Notwithstanding many changes that has taken place over the years, India has not done ‘enough reforms’ in the banking and financial sector, 15th Finance Commission NK Singh said on Thursday.
Singh said the closest any government came to privatise public sector banks was the one led by former prime minister Atal Bihari Vajpayee, but he had to abandon the plan due to lack of political consensus. (File photo: IE)
Notwithstanding many changes that has taken place over the years, India has not done ‘enough reforms’ in the banking and financial sector, 15th Finance Commission chief NK Singh said on Thursday.
“The ongoing reforms… banking amalgamation programme, which this government adopted shortly after it came power need to be completed in a significant way. We need to have greater stability of shareholders, accord the banks autonomy,” Singh said at the Express E-Adda programme. Space can be provided for new entrants to add competitive efficiency in financial intermediation, he said.
Singh said the closest any government came to privatise public sector banks was the one led by former prime minister Atal Bihari Vajpayee, but he had to abandon the plan due to lack of political consensus.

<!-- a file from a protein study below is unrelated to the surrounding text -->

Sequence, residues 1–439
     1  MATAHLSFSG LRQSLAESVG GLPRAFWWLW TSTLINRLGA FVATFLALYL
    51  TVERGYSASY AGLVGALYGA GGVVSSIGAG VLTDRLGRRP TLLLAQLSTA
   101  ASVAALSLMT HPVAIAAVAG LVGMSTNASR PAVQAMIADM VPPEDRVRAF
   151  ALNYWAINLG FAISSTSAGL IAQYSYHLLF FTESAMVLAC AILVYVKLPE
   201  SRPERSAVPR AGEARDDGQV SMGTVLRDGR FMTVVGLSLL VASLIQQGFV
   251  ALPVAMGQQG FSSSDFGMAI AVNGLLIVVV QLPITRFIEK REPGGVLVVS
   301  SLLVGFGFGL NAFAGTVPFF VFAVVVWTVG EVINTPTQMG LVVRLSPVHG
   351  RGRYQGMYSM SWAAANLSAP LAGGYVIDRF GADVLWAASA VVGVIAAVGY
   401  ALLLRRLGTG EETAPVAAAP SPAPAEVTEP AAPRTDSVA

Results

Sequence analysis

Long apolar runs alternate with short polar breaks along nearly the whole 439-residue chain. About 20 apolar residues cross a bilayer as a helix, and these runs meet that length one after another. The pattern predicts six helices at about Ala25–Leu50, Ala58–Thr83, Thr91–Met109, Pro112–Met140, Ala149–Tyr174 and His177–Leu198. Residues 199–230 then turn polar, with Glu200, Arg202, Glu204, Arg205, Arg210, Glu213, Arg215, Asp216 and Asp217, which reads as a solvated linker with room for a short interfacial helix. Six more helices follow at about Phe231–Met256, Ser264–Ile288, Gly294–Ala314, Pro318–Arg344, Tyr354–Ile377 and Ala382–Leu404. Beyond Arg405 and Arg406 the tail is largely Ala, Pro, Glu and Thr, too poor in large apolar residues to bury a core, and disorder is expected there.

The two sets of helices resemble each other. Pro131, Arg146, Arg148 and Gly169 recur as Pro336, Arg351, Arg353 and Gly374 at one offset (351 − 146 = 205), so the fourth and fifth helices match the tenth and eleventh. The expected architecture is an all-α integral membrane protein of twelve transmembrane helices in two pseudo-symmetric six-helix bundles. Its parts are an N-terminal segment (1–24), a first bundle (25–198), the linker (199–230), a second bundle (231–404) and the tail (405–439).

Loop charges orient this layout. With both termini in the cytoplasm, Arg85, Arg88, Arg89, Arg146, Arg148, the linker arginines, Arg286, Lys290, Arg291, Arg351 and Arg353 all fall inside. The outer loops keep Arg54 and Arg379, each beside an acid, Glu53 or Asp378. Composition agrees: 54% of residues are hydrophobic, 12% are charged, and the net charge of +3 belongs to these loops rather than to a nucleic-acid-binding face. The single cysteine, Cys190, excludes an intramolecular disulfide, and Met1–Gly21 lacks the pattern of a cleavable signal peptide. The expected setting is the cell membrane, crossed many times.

The issues of public ownership of banks need to be dispassionately debated and policymakers need to look at this with an open mind, Singh had said recently. Post 1991, one sector which has remained comparatively closed has been the banking and insurance sector, which requires deeper reforms, he had said.
“If the government is to continue to have ownership, we need far more significant and decisive bank recapitalisation plan….a higher public outreach will be needed to keep the public sector banks properly and adequately recapitalised,” Singh had said in video address to All India Management Association.
Growth in business and rise in bad loans in the past decade has forced the Centre to infuse over Rs 3 lakh crore in the past one decade. The Centre’s proposed new policy to have not more than four public sector undertakings (PSUs) in each ‘strategic sector’ will apply to the banking space too. This will essentially mean that the number of public sector banks (PSBs) could be brought down to four from 12 now, via privatisation or consolidation.
The government had in August last year announced that Oriental Bank of Commerce and United Bank will be merged into Punjab National Bank (PNB) to create the country’s largest state-run bank after SBI, with a total business of close to Rs 18 lakh crore. Similarly, Syndicate Bank is to be amalgamated with Canara Bank, and Andhra Bank and Corporation Bank will be merged into Union Bank. Also, Allahabad Bank will be amalgamated with Indian Bank. The consolidation exercise was aimed at creating only a few (6-7) but strong banks to support the rising credit appetite of the economy, help reverse a slide in economic growth and cut costs through greater synergy. Each of the amalgamated entity, created in April, has a business of over Rs 8 lakh crore.